# Naked Science Forum

## Non Life Sciences => Physics, Astronomy & Cosmology => Topic started by: captcass on 20/04/2021 16:33:07

Title: What is the Galactic Rotation Velocity of Betelguese?
Post by: captcass on 20/04/2021 16:33:07
I am trying to find the Galactic Rotation Velocity for Betelguese. Anybody know where I can find that info?
Title: Re: What is the Galactic Rotation Velocity of Betelguese?
Post by: Halc on 20/04/2021 17:20:38
Like all objects at this radius from the galactic center, we're all travelling as a clump at the same ~230 km/sec relative to the center of mass of the galaxy.
This is assuming a reasonably low eccentricity. Very few objects have one, and any nearby thing that does would have significant motion relative to the neighborhood through which it is passing.

Most stars have some tangential velocity as we cycle above and below the galactic plane, but that component is variable and doesn't contribute significantly to our orbital period (known as the cosmic year).
Title: Re: What is the Galactic Rotation Velocity of Betelguese?
Post by: captcass on 20/04/2021 18:56:53
Thank you, Halc. I know all that. I need more specific than ~. I want to derive it using my formula for galactic rotation velocities. (I show the derivation of that formula in the "What is Space" topic in the New Theories section.) I have derived formulas based on time dilation for both planetary orbits and Galactic rotational velocities. The galactic formula works fine for the Sun at 231 km/s, and after looking at the info for Betelguese and doing some math, I believe it will work there, too. It is the only other star we have enough data on to do that.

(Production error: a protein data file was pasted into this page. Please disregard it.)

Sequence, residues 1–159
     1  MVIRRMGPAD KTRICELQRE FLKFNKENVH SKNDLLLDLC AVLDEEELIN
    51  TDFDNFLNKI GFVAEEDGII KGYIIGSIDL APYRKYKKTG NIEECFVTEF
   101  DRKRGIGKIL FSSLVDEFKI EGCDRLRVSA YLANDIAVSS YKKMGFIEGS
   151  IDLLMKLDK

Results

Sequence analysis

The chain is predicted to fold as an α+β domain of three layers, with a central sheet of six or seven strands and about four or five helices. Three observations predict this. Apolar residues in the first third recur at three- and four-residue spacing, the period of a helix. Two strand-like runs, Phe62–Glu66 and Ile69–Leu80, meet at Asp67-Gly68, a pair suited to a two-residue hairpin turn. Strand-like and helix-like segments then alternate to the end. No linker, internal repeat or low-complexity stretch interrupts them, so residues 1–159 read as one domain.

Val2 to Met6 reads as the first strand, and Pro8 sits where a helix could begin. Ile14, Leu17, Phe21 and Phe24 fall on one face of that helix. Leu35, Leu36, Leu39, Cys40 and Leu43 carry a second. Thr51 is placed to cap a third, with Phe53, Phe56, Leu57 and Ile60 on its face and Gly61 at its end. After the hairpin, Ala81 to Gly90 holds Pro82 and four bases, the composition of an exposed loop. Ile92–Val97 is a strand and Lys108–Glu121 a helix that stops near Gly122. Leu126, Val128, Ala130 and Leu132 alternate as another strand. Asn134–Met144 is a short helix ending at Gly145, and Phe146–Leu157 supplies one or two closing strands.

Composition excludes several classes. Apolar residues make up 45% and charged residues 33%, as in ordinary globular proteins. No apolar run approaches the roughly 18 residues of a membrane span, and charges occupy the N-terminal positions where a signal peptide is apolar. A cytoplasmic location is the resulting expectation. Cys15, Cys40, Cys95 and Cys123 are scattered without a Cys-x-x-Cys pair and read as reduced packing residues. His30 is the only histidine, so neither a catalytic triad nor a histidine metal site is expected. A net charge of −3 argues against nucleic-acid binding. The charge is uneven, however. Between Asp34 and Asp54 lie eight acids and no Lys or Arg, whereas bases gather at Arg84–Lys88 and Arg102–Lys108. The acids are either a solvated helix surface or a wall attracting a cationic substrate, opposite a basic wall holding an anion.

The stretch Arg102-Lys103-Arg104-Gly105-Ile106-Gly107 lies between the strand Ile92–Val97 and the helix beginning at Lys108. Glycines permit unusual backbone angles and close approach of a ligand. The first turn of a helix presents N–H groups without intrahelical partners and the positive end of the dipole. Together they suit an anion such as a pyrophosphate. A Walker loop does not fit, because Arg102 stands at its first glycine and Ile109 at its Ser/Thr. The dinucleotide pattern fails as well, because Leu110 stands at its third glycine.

Title: Re: What is the Galactic Rotation Velocity of Betelguese?
Post by: evan_au on 20/04/2021 22:20:17
Quote from:
Betelguese ... is the only other star we have enough (Galactic Rotation Velocity) data
Why then did you start this thread with trying to find Galactic Rotation Velocity data for Betelgeuse?

The Gaia spacecraft is measuring the 3D positions and lateral velocities of a billion stars in our galaxy.
- A parallel ground-based project is measuring the radial velocities
- They have produced their first two Data Releases.
- Perhaps most accessible, the Gaia Sky application allows you to explore space in 3D. (It should adapt to your preferred language, and is available for Windows, MAC and several other operating systems)